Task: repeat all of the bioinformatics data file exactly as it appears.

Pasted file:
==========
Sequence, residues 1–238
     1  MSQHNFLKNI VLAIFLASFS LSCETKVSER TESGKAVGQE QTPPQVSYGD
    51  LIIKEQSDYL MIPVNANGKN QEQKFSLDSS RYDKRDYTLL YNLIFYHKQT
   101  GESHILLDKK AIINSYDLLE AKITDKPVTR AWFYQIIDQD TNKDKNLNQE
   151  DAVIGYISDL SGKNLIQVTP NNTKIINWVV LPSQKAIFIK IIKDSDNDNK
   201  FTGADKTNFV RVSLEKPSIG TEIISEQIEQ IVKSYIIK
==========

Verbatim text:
Sequence, residues 1–238
     1  MSQHNFLKNI VLAIFLASFS LSCETKVSER TESGKAVGQE QTPPQVSYGD
    51  LIIKEQSDYL MIPVNANGKN QEQKFSLDSS RYDKRDYTLL YNLIFYHKQT
   101  GESHILLDKK AIINSYDLLE AKITDKPVTR AWFYQIIDQD TNKDKNLNQE
   151  DAVIGYISDL SGKNLIQVTP NNTKIINWVV LPSQKAIFIK IIKDSDNDNK
   201  FTGADKTNFV RVSLEKPSIG TEIISEQIEQ IVKSYIIK